Power failures don't phase us any more. We have a gas stove!
I don't want to give the impression that our electricity outages are frequent. Most that we've had over the past five years have been caused by bad weather: strong thunderstorms or high winds. They haven't been caused by strikes, as they used to be in Paris when I lived there in the 1970s.
A few days ago we were awakened by lightning and thunder in the night. At first, the flashes of lightning were off in the distance and we couldn't even hear thunder. By about 4:00 a.m. the storm was upon us. There were several sharp bolts of lightning with loud claps of thunder following immediately. When that happens, it of course means that you are very close to the action.
By 5:00 in the morning the current had gone off. I can always tell because the digital clock in the bedroom radio goes dark. I got up at 6:30 to see what time it was and there was still no current. I went downstairs to check our circuit breaker panel and all looked normal down there. The outage wasn't simply chez nous, it was a neighborhood or village problem.
So what did I do? I put the kettle on one of our gas burners, lit the fire with a long fireplace match, and made tea pretty much as usual. That was nice, and makes us even happier that we got the new stove.
Later I called a neighbor to make sure we weren't the only house in the hamlet without power. Once, a year or two ago, we spent three or four hours without electricity only to discover that the only reason was that our own main breaker had been tripped by a surge. We'd been sitting in the dark for a while needlessly — all we had to do was flip the main switch.
This time, it was more widespread. Bernard the neighbor said he had called in and the Electricité de France switchboard was saying nobody knew when our current would come back on. They were overwhelmed with emergency calls because of the early-morning thunderstorm.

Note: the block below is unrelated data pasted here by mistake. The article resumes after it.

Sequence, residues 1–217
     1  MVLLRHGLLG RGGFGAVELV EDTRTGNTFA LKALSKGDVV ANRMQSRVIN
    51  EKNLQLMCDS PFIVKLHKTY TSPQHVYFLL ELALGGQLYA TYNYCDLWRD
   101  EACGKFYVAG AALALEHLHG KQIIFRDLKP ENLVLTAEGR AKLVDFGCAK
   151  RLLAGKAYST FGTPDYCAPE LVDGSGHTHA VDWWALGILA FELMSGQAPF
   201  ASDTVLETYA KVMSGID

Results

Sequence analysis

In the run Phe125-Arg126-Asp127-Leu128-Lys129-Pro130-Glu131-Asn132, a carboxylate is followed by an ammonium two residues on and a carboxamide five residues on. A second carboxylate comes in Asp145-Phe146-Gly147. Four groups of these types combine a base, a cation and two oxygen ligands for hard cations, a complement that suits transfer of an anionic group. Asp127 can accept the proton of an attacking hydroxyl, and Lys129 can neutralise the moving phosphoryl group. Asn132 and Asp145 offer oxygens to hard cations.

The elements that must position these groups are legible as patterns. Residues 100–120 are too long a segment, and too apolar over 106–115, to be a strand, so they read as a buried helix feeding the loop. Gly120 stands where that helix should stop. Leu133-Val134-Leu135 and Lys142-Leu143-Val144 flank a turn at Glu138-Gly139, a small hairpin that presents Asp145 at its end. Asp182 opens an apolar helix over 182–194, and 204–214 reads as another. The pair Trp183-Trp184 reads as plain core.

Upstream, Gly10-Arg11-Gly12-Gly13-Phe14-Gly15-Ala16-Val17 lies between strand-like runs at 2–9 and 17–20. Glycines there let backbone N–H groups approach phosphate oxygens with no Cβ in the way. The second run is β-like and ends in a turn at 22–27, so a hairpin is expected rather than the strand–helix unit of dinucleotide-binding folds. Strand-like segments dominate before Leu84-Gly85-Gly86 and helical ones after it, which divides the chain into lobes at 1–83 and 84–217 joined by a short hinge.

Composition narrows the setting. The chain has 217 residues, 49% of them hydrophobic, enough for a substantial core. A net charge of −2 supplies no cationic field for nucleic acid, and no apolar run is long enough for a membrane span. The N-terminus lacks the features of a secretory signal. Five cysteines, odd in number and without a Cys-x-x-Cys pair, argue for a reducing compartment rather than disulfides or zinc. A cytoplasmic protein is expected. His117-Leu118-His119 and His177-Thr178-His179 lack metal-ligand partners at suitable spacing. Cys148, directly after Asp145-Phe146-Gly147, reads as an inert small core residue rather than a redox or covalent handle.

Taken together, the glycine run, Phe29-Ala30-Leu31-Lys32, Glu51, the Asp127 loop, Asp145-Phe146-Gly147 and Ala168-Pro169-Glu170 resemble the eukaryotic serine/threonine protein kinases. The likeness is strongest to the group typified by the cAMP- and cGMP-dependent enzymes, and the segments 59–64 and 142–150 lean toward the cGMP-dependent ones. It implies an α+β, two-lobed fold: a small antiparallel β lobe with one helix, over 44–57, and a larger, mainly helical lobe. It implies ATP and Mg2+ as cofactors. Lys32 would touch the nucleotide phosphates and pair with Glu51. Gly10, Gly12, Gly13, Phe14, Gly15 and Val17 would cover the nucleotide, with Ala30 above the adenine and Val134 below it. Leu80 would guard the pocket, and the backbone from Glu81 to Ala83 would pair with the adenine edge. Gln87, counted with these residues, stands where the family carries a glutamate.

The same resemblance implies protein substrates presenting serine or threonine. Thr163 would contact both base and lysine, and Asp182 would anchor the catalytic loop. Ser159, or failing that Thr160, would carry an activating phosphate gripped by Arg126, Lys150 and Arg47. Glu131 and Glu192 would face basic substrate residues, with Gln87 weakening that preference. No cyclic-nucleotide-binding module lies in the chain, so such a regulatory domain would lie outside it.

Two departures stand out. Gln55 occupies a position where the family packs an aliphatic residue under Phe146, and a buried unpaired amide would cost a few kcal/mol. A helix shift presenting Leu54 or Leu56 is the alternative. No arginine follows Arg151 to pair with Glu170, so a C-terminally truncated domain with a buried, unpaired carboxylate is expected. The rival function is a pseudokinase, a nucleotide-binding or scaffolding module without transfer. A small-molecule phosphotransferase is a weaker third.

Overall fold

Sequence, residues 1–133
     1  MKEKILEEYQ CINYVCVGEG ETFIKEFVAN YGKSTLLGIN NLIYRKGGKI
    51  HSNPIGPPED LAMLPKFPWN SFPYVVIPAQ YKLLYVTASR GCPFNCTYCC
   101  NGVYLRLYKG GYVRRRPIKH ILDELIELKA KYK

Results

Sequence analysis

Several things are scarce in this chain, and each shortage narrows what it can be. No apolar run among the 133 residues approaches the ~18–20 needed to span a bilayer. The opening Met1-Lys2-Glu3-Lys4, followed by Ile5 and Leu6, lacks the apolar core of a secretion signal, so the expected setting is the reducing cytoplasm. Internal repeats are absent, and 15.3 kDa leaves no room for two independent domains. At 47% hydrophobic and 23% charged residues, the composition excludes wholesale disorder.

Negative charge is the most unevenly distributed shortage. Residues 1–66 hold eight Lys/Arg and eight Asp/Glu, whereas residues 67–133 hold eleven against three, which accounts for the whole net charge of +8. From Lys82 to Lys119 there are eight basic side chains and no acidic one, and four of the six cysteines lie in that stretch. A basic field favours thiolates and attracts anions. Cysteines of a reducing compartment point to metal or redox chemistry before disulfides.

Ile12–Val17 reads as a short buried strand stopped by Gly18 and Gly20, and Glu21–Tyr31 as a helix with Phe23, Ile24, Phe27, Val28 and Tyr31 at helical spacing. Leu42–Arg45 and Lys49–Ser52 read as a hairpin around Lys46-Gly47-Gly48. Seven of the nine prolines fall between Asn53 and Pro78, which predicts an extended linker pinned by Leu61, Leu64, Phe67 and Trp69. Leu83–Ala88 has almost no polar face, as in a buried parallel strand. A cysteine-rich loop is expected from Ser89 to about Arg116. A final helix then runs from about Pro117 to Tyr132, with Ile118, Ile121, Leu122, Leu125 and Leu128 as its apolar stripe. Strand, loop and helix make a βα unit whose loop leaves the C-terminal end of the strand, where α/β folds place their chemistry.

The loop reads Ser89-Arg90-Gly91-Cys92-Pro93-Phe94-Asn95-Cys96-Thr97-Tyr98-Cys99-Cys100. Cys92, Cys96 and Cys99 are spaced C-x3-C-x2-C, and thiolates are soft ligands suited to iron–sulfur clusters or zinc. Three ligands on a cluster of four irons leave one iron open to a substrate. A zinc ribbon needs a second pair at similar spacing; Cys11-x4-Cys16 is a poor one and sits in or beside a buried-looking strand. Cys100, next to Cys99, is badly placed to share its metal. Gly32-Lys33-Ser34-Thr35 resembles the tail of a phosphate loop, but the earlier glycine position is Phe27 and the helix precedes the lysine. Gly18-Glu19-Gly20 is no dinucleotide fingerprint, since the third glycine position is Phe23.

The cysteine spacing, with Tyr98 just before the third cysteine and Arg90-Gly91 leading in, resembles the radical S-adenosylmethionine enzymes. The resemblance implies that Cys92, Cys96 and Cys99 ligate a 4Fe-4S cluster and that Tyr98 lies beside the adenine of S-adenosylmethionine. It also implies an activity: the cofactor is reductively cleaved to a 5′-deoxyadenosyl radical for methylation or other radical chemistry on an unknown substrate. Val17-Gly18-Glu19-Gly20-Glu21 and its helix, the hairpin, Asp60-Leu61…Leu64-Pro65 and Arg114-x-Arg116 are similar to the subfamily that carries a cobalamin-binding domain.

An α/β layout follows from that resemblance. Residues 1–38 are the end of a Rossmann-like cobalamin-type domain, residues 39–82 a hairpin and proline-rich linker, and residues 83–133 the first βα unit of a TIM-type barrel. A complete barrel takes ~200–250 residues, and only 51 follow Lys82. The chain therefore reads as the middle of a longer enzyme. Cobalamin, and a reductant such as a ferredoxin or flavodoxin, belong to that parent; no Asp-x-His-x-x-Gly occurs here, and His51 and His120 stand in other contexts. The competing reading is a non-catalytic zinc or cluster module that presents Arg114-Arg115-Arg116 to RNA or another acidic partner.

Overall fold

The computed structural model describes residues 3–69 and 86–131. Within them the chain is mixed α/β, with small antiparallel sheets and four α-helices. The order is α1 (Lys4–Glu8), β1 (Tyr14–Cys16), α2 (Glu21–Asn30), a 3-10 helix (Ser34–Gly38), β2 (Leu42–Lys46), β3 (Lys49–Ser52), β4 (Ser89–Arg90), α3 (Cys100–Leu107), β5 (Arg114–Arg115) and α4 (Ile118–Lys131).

We didn't get current back until about 2:00 p.m. By then, we had cooked a satisfactory lunch on the gas stove, being careful not to open the refrigerator or freezers very much. We had also sat around for most of the morning, just looking at each other blankly, realizing how much we depend on the Internet and our blogs for our daily entertainment.
Luckily I have a battery-powered radio so we weren't completely cut off from the rest of the world. It was raining on and off, so we couldn't even get out and work in the garden.
I think the power cut must have been pretty widespread, as a friend in Indre emailed me to say the storm there had caused a blackout a few days ago.ReplyDelete
I wanted to add a comment about the ferme-auberge, but I wasn't sure if comments on your older blog entries would come to your attention, so this is a little off today's topic.ReplyDelete
I am compiling a see-if-possible list for our September trip and when I went to add the ferme-auberge to the list I found it was already listed, along with your local boulangerie; my note said "rec by blogger from Saint-Aignan." I guess this is back when I first encountered your blog on a travel website a year ago. Now we are daily readers and I speak to my husband of "Ken and Walt" as though we're on a first-name basis.
Hi Louise, we are glad to have you as a reader. By the way, I get an e-mail anytime anybody leaves a comment on any of my blog posts, current or past.ReplyDelete
The best boulangerie, IMHO, is the Chêne du Renard, which is just a few hundred meters up the road from the ferme-auberge La Lionnière, on what is known in Saint-Aignan as the Route de Céré-la-Ronde. The Chêne du Renard has a wood-fired oven in which breads, fougasses, croissants, and other boulangerie specialties are baked.
Susan, some parts of our village got their current turned back on by 9:00 a.m. Our neighborhood and two others had outages that lasted a lot longer. I don't know why. I think it was all pretty localized.
Hi Ken, I've just noticed that I'm the 80.000 visitor of your blog since January 2006! Do I win a price? :))LOL. Keep on blogging ... MartineReplyDelete
Our stove/oven is only electric. I envy your new purchase as we lose power fairly often here too!ReplyDelete
Loulou, we hesitated back five years ago, when we arrived, about getting a gas stove, since our village doesn't have piped-in gas. We thought having a bottle of butane would be too much trouble. But now we are happy to have made the change. Getting a new bottle of gas from time to time is a small price to pay for having a hot gas flame to cook on, and having a way to cook when the electricity goes off.ReplyDelete